JOHNSON CITY, Tenn. (WJHL) – Thousands of pediatric COVID-19 vaccine doses are already shipped to Northeast Tennessee and Southwest Virginia, with the abundant supply about to be available across a wide array of providers.

Nearly 50 shots could go in arms Monday at two Sullivan County Regional Health Office sites, with the Kingsport Health Department able to do up to 32 and Blountville up to 16.

Retail pharmacies appear to be among the quickest routes to booking an appointment in the Tri-Cities of Tennessee, with more than 1,500 appointments available across seven stores as of Wednesday afternoon. Those start Saturday at four Walgreens stores and Monday at three CVS locations.

Hundreds more are set to come online by next week at pediatricians’ offices, schools (in Southwest Virginia), health departments, Ballad Health and several other vaccine partners.

“I don’t think there will be anybody who wants this vaccine within our Ballad region who won’t be able to get it,” Ballad Health Chief Medical Officer Dr. Stephen Combs told News Channel 11. Ballad is in line for an initial shipment of at least 800 doses from the Tennessee Department of Health (TDH).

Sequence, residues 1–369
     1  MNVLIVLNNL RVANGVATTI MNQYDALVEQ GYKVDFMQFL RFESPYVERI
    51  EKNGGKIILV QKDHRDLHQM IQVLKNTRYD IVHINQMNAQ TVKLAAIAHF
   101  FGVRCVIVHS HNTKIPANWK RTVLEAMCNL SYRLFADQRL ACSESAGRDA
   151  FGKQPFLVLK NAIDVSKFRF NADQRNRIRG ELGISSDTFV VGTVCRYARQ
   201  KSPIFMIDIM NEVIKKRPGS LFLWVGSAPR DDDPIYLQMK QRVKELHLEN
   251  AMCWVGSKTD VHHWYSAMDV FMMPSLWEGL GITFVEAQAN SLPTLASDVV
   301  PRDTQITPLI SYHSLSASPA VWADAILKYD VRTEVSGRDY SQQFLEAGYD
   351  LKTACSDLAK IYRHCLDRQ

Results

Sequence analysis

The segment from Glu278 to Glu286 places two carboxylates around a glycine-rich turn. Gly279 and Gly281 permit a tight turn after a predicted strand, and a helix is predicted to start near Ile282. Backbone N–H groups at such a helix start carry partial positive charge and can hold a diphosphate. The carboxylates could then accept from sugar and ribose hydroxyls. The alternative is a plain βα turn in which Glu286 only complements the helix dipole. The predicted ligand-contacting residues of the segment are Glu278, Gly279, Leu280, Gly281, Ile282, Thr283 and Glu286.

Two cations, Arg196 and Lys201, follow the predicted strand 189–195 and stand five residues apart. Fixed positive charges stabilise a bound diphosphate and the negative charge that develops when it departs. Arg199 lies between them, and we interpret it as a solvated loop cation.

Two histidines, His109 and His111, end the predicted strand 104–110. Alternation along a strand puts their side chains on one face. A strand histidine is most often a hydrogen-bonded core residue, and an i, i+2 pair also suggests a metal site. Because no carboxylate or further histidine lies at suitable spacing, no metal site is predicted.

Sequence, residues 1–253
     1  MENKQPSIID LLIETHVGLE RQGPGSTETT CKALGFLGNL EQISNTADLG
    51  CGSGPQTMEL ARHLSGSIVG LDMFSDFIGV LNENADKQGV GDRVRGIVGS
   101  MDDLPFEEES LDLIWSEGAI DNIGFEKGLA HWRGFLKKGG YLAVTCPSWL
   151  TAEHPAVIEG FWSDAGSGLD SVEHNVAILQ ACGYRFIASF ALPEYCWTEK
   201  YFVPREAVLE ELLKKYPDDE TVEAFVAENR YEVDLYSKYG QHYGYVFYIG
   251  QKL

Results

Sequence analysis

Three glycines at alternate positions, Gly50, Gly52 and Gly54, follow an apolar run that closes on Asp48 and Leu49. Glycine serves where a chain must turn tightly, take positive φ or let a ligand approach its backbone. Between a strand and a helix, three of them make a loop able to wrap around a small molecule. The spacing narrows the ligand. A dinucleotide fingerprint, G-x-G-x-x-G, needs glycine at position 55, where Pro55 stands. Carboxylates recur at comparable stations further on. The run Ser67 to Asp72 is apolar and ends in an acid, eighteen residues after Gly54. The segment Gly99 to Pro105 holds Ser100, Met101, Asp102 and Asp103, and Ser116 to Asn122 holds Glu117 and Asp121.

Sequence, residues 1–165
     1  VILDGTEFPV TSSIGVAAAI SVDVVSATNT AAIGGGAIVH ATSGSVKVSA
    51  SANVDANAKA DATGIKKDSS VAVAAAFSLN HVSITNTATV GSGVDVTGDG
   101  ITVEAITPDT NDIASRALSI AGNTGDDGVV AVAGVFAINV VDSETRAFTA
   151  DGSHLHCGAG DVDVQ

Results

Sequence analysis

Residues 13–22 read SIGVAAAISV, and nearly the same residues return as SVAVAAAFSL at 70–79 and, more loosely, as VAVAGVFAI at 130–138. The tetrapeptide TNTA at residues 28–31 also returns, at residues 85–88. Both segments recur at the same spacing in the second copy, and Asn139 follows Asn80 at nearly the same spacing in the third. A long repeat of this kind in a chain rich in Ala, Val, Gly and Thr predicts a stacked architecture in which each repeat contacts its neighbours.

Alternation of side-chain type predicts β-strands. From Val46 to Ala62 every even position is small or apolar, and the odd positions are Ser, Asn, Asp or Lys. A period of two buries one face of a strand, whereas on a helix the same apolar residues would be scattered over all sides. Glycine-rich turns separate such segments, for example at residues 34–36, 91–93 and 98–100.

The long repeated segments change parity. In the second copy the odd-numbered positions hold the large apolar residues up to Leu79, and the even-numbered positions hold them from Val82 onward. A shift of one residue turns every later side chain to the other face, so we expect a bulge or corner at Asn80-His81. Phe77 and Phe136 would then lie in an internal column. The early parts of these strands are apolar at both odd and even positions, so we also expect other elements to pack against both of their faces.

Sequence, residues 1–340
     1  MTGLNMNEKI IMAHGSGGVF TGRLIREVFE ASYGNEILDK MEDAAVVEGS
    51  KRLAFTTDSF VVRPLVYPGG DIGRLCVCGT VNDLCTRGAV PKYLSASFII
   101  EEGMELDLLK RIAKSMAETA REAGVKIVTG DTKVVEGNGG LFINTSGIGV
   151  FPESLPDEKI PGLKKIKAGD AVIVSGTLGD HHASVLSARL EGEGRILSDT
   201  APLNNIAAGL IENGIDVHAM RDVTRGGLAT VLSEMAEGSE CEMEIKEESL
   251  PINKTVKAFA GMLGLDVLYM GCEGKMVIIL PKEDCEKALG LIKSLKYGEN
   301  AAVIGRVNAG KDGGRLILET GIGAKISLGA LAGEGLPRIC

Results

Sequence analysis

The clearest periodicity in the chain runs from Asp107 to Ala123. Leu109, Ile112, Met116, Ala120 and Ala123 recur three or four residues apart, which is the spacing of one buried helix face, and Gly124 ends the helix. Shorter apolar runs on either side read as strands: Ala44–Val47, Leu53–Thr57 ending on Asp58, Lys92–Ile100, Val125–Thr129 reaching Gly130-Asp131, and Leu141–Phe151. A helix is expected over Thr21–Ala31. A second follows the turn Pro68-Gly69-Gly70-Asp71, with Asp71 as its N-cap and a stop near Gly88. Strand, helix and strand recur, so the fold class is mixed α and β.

“I think, as with all logistics and supply chains as we’ve seen with everything, while this is coming from here and not offshore, I think just getting that rolled out will take a week or so.”

Holston Medical Group (HMG) is in line for 300 doses initially. Like Ballad, they’ll receive those directly from TDH.

“We are hoping that we will have that and we’ll be ready to schedule appointments and administer within the next two weeks,” pediatrician and medical director Dr. Alicia Wright said while acknowledging that could occur as soon as next week.

HMG will schedule appointments as soon as it receives vaccines and already has slots available.

“We just have not distributed them to particular patients until we have vaccine in hand and are ready to start those clinics,” Wright said.

HMG will post information on social media and its website “as soon as we are ready to schedule those appointment slots,” she said.

Like Combs, Wright said she doesn’t expect any parent to encounter difficulty accessing a vaccine somewhere, whether it’s with their pediatrician or elsewhere.

TDH Medical Director Dr. Tim Jones said he hopes uptake will be high because of the difference availability will make in combatting the pandemic.